As we start the New Year, we have seen a number of new series launch from independent comics publishers. It’s nice to be able to jump onto a monthly series at the beginning, so here’s a quick look at three first issues that I enjoyed this week.
Bad Blood: It’s hard to believe anyone could come up with an original twist on a vampire story, but Jonathan Mayberry has done it. His hero is Trick, a college student who used to have a bright future as a football player but is now struggling with cancer. Artist Tyler Crook doesn’t whitewash this at all—Trick already looks like a dead man walking—but I particularly liked the way his best friend Kyle applies a sort of bro therapy, hauling Trick out of bed and talking smack about his disease, while also getting serious for a few minutes when the situation warrants it. Just when it starts to look like a Lifetime movie, though, Trick gets bitten by a vampire and—here comes the twist—thanks to the chemo he has been going through, his blood is toxic to the vampire. As the enraged vampire is consumed by the poison, he declares war on Trick and does his best to ruin his life, so Trick heads out to go vampire-hunting. I usually don’t like vampire stories, but I’m a fan of Tyler Crook (Petrograd) and his watercolor style and intriguing character designs give this comic a very different look from most vampire comics—his vampire looks nothing like Dracula. It’s a smart take on the vampire myth and well worth a look; you can check out a preview here. (Dark Horse Digital)
Legenderry: A Steampunk Adventure: I mentioned this in this week’s best new comics post—it’s a steampunk story mashing up seven different pulp characters, but you don’t have to be a pulp fan to enjoy it. In fact, the first issue stars Vampirella and the Green Hornet, but those names are never mentioned—both appear as their alter egos, Madam Pendragon and Britt Reid. The series gets off to a leisurely start, allowing us to soak up a bit of the decadent faux-Victorian atmosphere, with a scene set in Madam Pendragon’s nightclub, where she and Reid are discussing the perfect martini. Suddenly a woman rushes in, pursued by a team of masked assassins. Madam Pendragon rescues her and tears the assassins apart with her bare hands in a spectacularly bloody fight sequence. When the attackers are unmasked, they all appear to be clones—they even have the same scar. On further investigation, we learn that the mystery woman is investigating the disappearance of her sister, and her quest has stirred up a dark conspiracy. The series is written by Bill Willingham (Fables), and the scripting is solid if a bit mannered at times. Artist Sergio Davila does a nice job with the characters and throws in a lot of steampunk touches, although, as Johanna Draper Carlson points out, he slips up on continuity in a few places. When Madam Pendragon rushes toward the assassins, for instance, she appears to shed all her clothes, but in the next scene she is wearing a complicated costume. Aside from that, it’s an enjoyable story for those who don’t mind willingly suspending their disbelief. (Available on comiXology and Dark Horse Digital)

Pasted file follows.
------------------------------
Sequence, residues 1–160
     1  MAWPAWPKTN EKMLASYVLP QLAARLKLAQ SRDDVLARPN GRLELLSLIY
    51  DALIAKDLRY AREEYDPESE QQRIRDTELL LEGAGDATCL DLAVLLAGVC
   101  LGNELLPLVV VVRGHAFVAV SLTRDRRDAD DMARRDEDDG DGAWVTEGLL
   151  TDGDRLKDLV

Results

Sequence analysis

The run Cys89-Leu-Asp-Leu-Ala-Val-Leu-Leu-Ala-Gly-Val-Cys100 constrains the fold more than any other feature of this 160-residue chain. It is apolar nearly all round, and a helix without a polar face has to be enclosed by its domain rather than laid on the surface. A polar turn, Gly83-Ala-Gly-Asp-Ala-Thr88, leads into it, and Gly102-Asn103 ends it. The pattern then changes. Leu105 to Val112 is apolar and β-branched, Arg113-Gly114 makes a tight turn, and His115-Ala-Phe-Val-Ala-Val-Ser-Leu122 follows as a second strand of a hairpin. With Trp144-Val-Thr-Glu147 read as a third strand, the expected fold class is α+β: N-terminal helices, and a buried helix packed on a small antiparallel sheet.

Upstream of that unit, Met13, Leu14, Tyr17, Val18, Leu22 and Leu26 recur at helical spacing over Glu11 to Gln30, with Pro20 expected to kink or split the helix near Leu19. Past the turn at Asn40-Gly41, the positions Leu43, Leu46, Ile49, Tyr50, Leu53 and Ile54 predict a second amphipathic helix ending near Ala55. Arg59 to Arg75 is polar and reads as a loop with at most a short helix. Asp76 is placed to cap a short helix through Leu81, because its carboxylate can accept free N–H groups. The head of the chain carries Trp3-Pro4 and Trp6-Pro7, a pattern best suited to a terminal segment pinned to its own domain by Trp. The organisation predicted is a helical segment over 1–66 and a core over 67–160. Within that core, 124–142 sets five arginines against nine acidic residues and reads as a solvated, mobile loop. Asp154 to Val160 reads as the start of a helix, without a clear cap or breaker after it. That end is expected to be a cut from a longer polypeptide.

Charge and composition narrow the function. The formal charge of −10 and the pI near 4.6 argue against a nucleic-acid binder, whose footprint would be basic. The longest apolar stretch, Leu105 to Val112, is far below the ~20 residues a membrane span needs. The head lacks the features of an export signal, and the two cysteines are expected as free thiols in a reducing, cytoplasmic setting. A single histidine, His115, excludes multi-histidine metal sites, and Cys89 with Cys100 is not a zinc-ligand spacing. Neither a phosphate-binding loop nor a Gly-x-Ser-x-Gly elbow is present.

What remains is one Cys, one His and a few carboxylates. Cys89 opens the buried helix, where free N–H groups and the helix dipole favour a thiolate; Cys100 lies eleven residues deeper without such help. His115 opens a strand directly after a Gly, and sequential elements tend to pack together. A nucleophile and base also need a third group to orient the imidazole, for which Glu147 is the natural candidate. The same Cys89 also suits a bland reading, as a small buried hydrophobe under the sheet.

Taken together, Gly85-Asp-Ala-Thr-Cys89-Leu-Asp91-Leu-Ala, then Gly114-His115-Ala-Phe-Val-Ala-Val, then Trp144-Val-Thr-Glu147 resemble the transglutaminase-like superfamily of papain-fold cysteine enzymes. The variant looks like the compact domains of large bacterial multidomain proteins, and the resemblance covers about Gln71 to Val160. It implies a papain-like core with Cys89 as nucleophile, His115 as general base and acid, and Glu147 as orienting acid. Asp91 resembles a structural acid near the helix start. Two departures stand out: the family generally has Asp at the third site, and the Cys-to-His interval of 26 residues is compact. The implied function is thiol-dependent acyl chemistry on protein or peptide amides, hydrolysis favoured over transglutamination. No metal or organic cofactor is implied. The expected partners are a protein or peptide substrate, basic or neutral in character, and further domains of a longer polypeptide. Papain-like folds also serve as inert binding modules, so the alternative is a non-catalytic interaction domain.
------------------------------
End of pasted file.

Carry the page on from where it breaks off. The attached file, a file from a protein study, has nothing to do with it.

Revelations: Here’s a good ol’ Vatican mystery, pitting a chain-smoking British detective against some sort of quasi-supernatural conspiracy. The detective, Charlie Northern, is a fan of books about space aliens and looks like he will be an interesting guy to follow around; the other characters are straight out of central casting. The story begins with a cardinal being impaled on a railing and some guy reciting Latin-ish mumbo-jumbo as he tries to stab him with a knife; it’s hard to decode visually, but once the story moves on, the pieces start to fall into place. Aside from that, the art is pretty nice, with strongly caricatured character designs signaling us not to take anything too seriously. Which is just as well. Despite some preposterous moments, it’s a good read, especially if you like religio-historical conspiracy thrillers like The DaVinci Code. (comiXology)
A former book editor and newspaper reporter, Brigid Alverson started MangaBlog to keep track of her daughters¹ reading habits and now covers comics and graphic novels for Comic Book Resources , School Library Journal, Publishers Weekly Comics World, Robot 6, and MTV Geek. She also edits the Good Comics for Kids blog at School Library Journal. Brigid was a judge for the 2012 Eisner Awards. Send her an email to firstname.lastname@example.org